Wereld Broederschapsdag 2020
dit is, in Engels, het bericht wat uitging van de secretaris van de Mennonite World Conference ..
“So that, with the eyes of your heart enlightened, you may know what is the hope to which he has called you” Ephesians 1:18 (NRSV).
“My wife does not have hope… she herself is Hope”. Sometimes I joke around with this phrase because my wife’s middle name is Esperanza: hope, in Spanish. In our family, we say that more than simply having the quality of hope, she embodies it.
Hope as result from faith in Jesus may be defined as the ability to see a new reality and to act based on it. It is to long for a different world and behave as if we were already in it. Waiting on Christ is never passive, never simply a feeling. It is to realize that there is already a new creation—here and now—and that through the power of Christ, we are a part of it.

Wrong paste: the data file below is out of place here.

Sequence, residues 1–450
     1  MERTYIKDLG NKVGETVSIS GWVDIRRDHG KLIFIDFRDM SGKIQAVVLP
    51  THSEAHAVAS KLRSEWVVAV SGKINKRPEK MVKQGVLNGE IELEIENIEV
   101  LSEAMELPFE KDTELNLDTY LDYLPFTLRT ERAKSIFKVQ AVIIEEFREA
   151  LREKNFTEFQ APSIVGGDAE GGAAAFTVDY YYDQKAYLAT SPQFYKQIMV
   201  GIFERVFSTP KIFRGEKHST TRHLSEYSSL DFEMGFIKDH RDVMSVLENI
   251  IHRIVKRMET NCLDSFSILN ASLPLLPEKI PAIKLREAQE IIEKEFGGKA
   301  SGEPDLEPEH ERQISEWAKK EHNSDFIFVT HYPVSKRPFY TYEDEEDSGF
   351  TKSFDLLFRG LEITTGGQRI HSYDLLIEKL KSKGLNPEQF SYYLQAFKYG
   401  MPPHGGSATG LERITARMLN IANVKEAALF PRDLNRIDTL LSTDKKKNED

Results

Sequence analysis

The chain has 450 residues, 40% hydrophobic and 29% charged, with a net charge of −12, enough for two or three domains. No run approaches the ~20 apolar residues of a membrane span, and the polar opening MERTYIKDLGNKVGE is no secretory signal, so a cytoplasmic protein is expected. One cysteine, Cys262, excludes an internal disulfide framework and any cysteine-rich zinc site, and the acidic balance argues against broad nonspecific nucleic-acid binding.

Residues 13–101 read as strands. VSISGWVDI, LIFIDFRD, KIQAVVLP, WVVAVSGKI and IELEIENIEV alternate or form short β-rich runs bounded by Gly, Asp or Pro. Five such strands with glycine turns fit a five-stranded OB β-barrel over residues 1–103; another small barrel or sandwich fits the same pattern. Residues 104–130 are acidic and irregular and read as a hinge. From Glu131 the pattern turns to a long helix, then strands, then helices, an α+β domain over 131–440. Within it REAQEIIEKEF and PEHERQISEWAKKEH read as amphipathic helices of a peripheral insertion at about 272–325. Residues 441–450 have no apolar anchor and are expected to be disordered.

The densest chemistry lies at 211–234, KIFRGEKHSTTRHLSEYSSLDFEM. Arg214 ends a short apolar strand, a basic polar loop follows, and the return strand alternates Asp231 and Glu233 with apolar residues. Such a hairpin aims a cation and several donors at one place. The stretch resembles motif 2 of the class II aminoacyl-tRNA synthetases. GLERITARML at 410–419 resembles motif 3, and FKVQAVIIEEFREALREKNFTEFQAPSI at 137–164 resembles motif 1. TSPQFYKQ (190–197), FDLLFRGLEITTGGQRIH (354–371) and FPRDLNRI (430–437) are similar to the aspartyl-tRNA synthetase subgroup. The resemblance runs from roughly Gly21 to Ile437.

Anabaptists in the 16th-century understood this. While many Reformers imagined how a church whose members have chosen it rather than being born into would look (separated from the state, practicing restorative justice and voluntary redistribution of goods), the first Anabaptists believed it was possible by the power of the Spirit and acted accordingly. They established new faith communities that beyond having hope became hope for the society of their time.
Nowadays, it is easy to lose hope. The polarization, racial segregation, exclusion, violence, rebirth of nationalism and threat of climate change is hopeless. Nevertheless, for followers of Christ, believing that tomorrow will be different gives us hope. Living accordingly to that tomorrow makes us an embodiment of hope in the eyes of others.
It is my prayer that today our global church—just like our ancestors from the 16th-century—can be hope for the world around us. That our church can be an alternative society where diversity is valued and reconciliation is lived.
Let’s celebrate the Anabaptist World Fellowship Sunday by being hope!